I. / Leading oil producers are promising to increase their investment in renewables and low-carbon businesses. How do you think the pandemic will impact the renewables industry as a whole? Do you envision financing to be difficult to attain? Will governments encourage growth and innovation in the sector as part of stimulus and recovery measures or ESG pressures, or will it be de-prioritized?
N.B. / If we consider French politics, PPE has been published during lockdown with new goals in renewable market deployment and the European Green Deal is still ongoing. ESG pressure is real in the financial sector and low prices for oil didn’t make any new direction. The renewable sector is still supported and prioritized by the market and by politics. Finding and performing financing is always challenging, but we won’t expect major difficulties. However, high levels of quantitative easing will make bank refinancing potentially higher than before. As a result, interest rates should be higher than the low rate of 2019 and pre-pandemic 2020.

I. / The current situation is fluid, but I’m sure you’ve been thinking deeply about the future. As lockdowns are eased and countries begin to gradually open up across Europe, demand for energy — oil, coal, gas, nuclear and renewables — will increase. What are the most likely scenarios the energy sector might face in the next six to twelve months? Where will we see the most change in the region?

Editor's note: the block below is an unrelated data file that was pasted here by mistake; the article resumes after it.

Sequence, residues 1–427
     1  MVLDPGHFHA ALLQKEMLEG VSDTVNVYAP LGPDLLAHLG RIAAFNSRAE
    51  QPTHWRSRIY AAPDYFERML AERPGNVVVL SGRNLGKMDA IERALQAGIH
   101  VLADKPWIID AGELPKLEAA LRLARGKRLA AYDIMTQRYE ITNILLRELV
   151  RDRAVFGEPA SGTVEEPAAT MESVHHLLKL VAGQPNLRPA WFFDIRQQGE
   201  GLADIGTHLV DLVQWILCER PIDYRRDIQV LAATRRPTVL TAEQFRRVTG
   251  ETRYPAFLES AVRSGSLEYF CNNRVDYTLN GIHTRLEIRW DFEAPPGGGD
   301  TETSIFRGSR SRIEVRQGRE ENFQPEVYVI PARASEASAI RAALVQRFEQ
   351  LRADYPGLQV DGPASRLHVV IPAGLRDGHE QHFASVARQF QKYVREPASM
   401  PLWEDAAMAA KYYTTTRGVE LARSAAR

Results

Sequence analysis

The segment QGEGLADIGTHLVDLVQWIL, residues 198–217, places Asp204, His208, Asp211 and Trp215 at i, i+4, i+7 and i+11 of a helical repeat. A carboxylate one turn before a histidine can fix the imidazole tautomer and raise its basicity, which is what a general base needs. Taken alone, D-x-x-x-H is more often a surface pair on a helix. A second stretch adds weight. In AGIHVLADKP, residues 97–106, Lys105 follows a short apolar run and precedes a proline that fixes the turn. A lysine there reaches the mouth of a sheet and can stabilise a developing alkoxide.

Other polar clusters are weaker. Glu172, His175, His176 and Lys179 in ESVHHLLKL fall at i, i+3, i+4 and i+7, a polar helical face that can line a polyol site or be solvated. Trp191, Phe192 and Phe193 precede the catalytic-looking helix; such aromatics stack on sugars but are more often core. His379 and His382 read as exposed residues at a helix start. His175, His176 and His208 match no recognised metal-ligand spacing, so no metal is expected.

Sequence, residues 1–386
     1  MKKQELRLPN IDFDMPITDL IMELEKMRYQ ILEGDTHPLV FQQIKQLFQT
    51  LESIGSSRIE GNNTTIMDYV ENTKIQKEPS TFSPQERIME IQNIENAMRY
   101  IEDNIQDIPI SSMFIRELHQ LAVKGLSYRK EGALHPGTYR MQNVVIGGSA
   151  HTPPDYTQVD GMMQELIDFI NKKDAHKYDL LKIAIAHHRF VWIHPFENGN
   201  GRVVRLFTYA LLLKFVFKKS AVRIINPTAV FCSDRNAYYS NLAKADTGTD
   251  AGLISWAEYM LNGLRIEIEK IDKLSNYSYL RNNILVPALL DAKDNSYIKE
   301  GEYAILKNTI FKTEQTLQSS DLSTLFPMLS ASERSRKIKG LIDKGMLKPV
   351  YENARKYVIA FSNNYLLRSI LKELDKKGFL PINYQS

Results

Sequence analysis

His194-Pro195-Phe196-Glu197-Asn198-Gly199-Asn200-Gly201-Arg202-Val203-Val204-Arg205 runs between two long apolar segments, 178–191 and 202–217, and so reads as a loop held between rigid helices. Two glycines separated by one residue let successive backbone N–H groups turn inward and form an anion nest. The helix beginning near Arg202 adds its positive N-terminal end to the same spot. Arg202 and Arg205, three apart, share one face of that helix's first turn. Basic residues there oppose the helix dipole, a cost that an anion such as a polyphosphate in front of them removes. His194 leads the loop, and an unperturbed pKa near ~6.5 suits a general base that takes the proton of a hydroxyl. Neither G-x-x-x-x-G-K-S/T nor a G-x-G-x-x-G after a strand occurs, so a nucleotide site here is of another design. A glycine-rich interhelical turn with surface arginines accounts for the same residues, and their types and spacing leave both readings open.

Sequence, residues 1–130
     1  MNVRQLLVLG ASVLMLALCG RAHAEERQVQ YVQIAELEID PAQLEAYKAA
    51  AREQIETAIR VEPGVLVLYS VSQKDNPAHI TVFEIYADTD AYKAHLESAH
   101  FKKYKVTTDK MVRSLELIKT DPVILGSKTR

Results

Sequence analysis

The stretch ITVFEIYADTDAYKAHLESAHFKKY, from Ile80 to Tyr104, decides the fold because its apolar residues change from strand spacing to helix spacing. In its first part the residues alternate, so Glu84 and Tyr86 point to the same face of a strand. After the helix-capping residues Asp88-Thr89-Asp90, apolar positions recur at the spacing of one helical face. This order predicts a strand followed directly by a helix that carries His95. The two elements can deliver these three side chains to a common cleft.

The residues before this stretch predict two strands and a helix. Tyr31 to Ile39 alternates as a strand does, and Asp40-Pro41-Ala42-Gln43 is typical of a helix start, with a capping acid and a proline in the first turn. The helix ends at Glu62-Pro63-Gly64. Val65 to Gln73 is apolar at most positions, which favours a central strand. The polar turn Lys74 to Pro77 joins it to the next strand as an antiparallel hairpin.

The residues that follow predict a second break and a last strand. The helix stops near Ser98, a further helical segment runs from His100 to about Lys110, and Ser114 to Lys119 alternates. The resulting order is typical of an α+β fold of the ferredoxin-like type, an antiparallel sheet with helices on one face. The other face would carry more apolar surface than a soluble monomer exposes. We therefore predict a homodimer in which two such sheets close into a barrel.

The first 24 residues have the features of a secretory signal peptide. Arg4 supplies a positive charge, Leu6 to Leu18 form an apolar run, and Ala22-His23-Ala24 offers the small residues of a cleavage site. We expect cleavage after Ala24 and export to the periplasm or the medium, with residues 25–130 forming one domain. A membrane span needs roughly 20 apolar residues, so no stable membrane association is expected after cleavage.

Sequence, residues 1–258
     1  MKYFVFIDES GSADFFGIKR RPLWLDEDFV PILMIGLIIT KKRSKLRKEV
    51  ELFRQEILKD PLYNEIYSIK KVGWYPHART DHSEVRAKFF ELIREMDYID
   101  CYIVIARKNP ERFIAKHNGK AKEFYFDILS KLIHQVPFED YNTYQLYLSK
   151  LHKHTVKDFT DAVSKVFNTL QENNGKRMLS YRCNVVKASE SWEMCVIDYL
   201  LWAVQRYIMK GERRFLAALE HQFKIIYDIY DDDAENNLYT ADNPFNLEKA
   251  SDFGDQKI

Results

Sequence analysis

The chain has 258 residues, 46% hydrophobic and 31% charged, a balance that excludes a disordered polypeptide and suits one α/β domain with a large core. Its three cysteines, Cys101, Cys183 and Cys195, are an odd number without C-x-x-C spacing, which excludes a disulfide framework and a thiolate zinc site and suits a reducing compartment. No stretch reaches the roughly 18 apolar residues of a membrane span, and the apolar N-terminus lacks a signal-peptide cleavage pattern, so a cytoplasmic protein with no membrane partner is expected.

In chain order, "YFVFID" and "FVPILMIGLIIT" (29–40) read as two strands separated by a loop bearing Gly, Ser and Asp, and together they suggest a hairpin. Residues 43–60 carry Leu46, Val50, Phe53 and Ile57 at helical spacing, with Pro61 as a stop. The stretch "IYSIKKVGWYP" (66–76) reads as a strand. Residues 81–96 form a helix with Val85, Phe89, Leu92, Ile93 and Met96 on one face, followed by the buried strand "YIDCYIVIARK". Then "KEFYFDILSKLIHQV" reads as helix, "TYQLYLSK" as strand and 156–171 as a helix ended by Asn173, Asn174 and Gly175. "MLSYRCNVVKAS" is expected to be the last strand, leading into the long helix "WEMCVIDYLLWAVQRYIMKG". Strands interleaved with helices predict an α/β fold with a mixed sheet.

N.B. / If you check the contract for differences (CFD) on the futures market, demand will increase slowly even with the end of the lockdown in most countries. WTI has been negotiated USD 35 for December 2020 and will come back to USD 50, not before 2027. Interest curves come back to positive after 2026. We have to focus on the rate of unemployment … GDP may experience a high level of economic recession in Q2. Many industries will reduce their production. Energy demand will be related to growth but it is never easy to forecast, moreover with the high level of debt in many countries. Post-2008 the crisis has been okay for America due GAFAM. In Europe, Germany has been supported by the industry sector, but Italy, Spain and Greece were suffocating because of high debt level and no strong innovation.

I. / According to a recent report published by Wärtsilä Energy Transition Lab, renewable energy generation in the U.K., Spain and Germany remains at pre-crisis levels. As Europe slowly reopens for business, how will corporate strategies shift in the post-COVD-19 world? What will be the impact on investment in the sector?
N.B. / We strongly think that the post-COVID-19 world will be more sustainable. 2010-2020 was the decade of renewable deployment. 2020-2030 will be the decade for renewable consolidation and hydrogen development. Clean mobility will be the challenge of the coming years.